|System: Wii||Review Rating Legend|
|Dev: NanaOn-Sha||1.0 - 1.9 = Avoid||4.0 - 4.4 = Great|
|Pub: Majesco||2.0 - 2.4 = Poor||4.5 - 4.9 = Must Buy|
|Release: Apr. 2, 2009||2.5 - 2.9 = Average||5.0 = The Best|
|Players: 1-2||3.0 - 3.4 = Fair|
|ESRB Rating: Everyone||3.5 - 3.9 = Good|
From developers NanaOn-Sha (PaRappa the Rapper) and artist Rodney Greenblat comes one of the oddest rhythm games to ever appear on a home console. Major Minor's Majestic March has been in development for quite some time now, and it's finally hitting stores shelves. Was it worth the wait?
Majestic March is a kid-friendly game of the Noggin/Nick Jr. kind that follows Major Minor and his Teddy bear friend, Tom, as they take a pied-piper's journey along the countryside. With the aid of his talking baton, GGGG, Major Minor recruits musicians to his cause, but this is one game that marches to the beat of a very different drum.
Minor's tale is told by way of a series of beautiful cutscenes illustrated by Greenblat. The narration is expertly delivered, and the entire presentation of Majestic March is quite lovely. It's when you actually dive into the gameplay, though, that things begin to go awry.
The first order of business is a short selection of tutorials, which do a somewhat poor job of explaining the proper way to execute commands. Additionally, there are elements of the game, such as power-ups and tempo changes, that aren't covered during the tutorial phase.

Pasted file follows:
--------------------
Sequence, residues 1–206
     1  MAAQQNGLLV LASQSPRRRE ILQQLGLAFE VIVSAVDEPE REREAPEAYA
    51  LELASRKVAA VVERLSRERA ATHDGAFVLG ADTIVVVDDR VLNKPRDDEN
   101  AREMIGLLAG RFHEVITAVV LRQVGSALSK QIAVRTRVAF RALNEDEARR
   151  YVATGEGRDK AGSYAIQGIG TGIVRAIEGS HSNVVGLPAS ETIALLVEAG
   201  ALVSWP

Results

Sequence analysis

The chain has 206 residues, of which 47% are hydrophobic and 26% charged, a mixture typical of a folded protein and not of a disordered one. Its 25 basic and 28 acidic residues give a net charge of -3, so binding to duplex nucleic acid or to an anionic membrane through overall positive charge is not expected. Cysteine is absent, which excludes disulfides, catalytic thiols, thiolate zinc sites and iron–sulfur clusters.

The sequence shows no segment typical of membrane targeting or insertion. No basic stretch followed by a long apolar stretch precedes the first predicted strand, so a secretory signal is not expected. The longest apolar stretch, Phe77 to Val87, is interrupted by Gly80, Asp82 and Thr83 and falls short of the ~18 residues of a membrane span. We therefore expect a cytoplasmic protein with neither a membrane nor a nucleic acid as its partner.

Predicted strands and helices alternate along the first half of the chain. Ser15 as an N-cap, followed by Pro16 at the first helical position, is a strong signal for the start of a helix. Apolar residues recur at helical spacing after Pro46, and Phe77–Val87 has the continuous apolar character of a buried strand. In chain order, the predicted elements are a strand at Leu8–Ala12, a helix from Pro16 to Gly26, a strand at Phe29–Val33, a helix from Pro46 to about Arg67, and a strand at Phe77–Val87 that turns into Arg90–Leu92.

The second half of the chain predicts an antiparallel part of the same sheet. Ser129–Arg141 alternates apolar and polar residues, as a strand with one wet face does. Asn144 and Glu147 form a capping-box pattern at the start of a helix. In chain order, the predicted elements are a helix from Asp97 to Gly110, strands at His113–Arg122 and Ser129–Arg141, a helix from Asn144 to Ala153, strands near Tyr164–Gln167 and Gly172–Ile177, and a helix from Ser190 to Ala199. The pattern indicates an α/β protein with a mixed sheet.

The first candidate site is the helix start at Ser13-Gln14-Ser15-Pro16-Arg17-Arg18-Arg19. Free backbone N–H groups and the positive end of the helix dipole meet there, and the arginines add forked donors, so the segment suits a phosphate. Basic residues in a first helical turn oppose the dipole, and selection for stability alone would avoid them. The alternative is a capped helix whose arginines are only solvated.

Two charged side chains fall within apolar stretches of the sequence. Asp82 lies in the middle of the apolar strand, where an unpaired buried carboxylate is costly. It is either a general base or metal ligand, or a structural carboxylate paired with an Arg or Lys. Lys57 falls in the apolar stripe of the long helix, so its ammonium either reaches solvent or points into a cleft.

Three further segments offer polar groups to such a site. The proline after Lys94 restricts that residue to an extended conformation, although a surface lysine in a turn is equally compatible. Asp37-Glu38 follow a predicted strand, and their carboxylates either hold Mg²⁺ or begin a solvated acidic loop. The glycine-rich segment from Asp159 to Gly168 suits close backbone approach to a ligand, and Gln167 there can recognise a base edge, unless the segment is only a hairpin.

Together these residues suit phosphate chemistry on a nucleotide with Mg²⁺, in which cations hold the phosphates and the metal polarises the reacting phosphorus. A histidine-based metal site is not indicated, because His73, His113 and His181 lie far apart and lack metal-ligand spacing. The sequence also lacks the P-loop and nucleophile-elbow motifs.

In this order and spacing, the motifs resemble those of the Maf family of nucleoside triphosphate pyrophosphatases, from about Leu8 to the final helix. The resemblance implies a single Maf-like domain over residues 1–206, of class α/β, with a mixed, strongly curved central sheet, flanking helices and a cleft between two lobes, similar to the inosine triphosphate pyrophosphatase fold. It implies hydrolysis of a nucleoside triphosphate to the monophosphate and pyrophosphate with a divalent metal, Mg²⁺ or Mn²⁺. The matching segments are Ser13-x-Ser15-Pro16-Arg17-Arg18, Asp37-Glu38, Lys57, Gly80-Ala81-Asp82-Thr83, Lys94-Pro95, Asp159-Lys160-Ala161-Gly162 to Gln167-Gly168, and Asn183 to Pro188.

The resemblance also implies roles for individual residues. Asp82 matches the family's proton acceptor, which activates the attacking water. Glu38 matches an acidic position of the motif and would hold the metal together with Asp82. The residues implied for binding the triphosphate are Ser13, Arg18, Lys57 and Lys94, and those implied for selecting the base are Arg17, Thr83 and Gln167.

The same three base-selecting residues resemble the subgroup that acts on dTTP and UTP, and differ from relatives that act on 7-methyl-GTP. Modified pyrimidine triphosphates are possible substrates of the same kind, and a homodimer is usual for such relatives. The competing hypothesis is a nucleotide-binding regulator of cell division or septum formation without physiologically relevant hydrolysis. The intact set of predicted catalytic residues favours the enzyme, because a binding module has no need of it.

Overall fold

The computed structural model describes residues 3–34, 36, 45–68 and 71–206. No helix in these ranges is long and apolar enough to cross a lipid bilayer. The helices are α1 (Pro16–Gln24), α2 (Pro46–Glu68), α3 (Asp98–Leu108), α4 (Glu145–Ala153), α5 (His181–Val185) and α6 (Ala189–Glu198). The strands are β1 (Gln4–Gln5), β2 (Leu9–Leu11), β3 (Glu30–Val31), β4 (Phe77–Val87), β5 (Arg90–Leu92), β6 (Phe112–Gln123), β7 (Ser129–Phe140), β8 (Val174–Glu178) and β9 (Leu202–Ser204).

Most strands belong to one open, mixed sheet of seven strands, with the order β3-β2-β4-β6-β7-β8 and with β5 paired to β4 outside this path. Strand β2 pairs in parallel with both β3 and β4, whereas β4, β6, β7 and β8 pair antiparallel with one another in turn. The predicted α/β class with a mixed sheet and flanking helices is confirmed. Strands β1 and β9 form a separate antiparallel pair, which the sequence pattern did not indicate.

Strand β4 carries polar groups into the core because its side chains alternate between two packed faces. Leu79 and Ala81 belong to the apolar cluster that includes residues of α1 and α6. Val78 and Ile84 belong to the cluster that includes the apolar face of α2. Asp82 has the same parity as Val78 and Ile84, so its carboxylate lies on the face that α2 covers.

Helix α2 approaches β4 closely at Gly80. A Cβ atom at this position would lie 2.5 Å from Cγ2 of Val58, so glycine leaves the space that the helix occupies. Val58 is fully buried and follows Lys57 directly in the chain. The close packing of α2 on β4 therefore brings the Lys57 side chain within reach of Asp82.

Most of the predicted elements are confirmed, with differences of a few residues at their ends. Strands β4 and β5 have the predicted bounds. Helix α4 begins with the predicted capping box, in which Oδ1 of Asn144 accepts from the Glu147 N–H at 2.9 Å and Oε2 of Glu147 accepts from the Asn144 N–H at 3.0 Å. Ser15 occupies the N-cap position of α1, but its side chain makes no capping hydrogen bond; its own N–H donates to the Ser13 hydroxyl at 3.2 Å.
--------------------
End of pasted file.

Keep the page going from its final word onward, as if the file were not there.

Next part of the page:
The basic gist of gameplay is this: You hold the Wii Remote (the Nunchuk is not used for this game) upright, with the A button facing you. As you march along an on-rails path, you'll need to maintain an up-and-down marching motion with your baton, thrusting the controller forward, in rhythm, in order to enlist musicians and collect power-ups along the way.
Sounds simple enough, right? It is actually a fairly straightforward premise, but gestures are consistently misread or not recognized at all, and changing the tempo, in order to please GGGG and the rest of the band, is like trying to stop a freight train on a dime.
Upon starting a tune, it will be up to you to set the tempo. You do this by simply motioning up and down with the controller, attempting to keep a steady rhythm. Once you've got the tempo where you want it, just press the A button to begin the march. You'll have to keep the band happy by finding a medium tempo that's neither too fast nor too slow for certain band members.
After each song, you'll be asked whose performance you enjoyed the most, and this seems to be the game's way of setting up an optimum rhythm for your taste. It's a good mechanic, but again, speeding up or slowing down the tempo mid-march is difficult and usually results in sliding out of rhythm to the point of failing the level. When we last previewed Majestic March sometime last year, failing to keep a good tempo merely sent you back a bit to an earlier part of the level. In the final product, however, you simply fail the level altogether and have to restart from the beginning.
In addition to picking up new band members along the way, you'll also pass power-ups, such as jelly beans and whistles. Jelly beans get the band in a jolly mood, which will help keep them in line if they're either too bored with a slow tempo or tuckered by a fast one. Picking up whistles is supposed to help you keep the band together when encountering various intersections; throughout each level the game provides short pit stops for you to relax your arm. Unfortunately, the game never explains to you what all these power-ups actually do, and players will be forced to experiment. That can be problematic, since not all items (or band members) along the roadside are helpful to maintaining a good march.